Data Privacy in Healthcare Campaigns

Maintaining Data Privacy in Healthcare Campaigns is a complicated and nuanced feat. It is helpful to understand how we arrived at this point where, in some cases, technology initially outpaced regulations and where that leaves marketers in guiding healthcare clients.

I have had the unique experience of intimately seeing many sides of data privacy as it relates to healthcare. As a patient, in my previous life as a Registered Nurse and now, as a media professional running healthcare campaigns. But how did we get to this point? 

As computers took hold of our daily lives and social media was on its meteoric rise, the Federal Government recognized the need for healthcare to also make the digital leap in the name of improved patient outcomes and increased efficiency. The plan? To shift all paper medical records to electronic medical records. 

No easy feat, in 2009, the Federal Government wrote the HITECH (Health Information Technology for Economic and Clinical Health) Act and put $27 billion aside to incentivize medical systems and providers to adopt these electronic health record (EHR) systems and designated billions more to help train health information technology (HIT) workers and get hospitals and providers up to speed on these systems. The goal? To bring all of the paper medical charts from endless rows of floor to ceiling shelves in hospital basements into a shared computer system for providers to improve healthcare and patient outcomes. 

EHRs bring exponential benefits such as greatly reducing drug interaction, medication and other errors, lower costs and decreased mortality rates. With a simple release of information, all of a patient’s medical records could be shared with any provider digitally, arming providers with all of the information they need to provide the best care to a patient, even if they are meeting them for the first time.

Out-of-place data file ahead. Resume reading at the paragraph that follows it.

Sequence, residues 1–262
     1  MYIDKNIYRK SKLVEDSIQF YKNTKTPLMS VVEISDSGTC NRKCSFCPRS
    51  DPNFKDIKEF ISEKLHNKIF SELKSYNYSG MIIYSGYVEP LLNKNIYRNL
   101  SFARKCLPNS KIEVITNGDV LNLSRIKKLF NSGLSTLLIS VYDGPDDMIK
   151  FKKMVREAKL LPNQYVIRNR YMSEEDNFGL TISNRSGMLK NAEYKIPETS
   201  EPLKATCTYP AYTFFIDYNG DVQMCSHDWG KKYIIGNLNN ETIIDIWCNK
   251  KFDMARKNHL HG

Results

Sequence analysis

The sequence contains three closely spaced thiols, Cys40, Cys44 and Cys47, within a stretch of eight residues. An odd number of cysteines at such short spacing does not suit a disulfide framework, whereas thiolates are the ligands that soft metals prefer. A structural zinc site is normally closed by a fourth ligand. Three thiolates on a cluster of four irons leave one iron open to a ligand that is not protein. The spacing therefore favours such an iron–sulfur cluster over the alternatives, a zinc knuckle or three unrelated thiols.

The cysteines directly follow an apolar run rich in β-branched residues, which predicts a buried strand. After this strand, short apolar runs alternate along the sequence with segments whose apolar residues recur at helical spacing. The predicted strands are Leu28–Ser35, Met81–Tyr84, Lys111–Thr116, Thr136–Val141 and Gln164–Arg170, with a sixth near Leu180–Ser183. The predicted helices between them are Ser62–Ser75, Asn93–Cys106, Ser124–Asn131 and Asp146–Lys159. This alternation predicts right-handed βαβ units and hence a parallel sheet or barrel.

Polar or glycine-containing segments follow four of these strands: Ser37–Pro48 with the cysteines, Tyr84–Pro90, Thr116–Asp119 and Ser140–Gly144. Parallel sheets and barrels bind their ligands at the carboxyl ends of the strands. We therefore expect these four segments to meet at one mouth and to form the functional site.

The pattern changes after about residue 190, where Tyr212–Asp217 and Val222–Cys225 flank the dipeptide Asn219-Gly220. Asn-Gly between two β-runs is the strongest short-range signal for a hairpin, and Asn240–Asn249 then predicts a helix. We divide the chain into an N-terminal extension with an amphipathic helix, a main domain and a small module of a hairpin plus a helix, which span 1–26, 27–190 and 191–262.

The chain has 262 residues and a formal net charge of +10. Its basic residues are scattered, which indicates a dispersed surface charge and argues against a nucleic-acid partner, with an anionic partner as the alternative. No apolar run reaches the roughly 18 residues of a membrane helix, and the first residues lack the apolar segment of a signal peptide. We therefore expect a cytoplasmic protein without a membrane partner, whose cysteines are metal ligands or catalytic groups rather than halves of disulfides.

As a Registered Nurse I was working in hospitals as EHRs were being implemented. Despite my excellent doctor handwriting interpretation (a now obsolete skillset), many times I had to gently remind MDs to put their orders “in the computer” as we all had to work together to get these systems off the ground. There were “super-users” rolling through on “cows” (computer on wheels) at every turn to try and facilitate the adoption of a new way of taking care of patients. We all learned the specific EHR functions for our roles and many of us noted the unfathomable amount of patient data available to us, and wondered how we could put it all to use. The instinct, that we had our fingertips on massive amounts of data and what seemed like endless functionality of EHR systems, was exactly what was happening digitally, everywhere, in every industry. 

Technology was outpacing regulation. 

Meanwhile, while the medical community was focused on employing advances in technology to improve how they worked, so was every other industry including marketers/advertisers. As the whole world transitioned to an electronic/digital model, and the data available was infinite, marketers entered a wild west of sorts, where automation could track and import data for machine learning and lookalike modeling to reach that ‘right person with the right message at the right time’. 

But where was the general public while all of this innovation in technology was happening?

Enchanted by their handheld computer that could do just about everything, (minus the education and transparency of what was happening on the back end of their favorite social media platform or healthcare portal). As we uncover data privacy breaches in real time, such as the June of 2022 class action lawsuit filed against Meta Platforms “for using its Pixel tracking to get patient information from hospital portals for target marketing purposes”, marketers and consumers alike take a pause and at times become fearful of a world where we feel vulnerable in the wake of all of this innovation. 

We all fear that which we don’t understand and thus, the answer is here is education.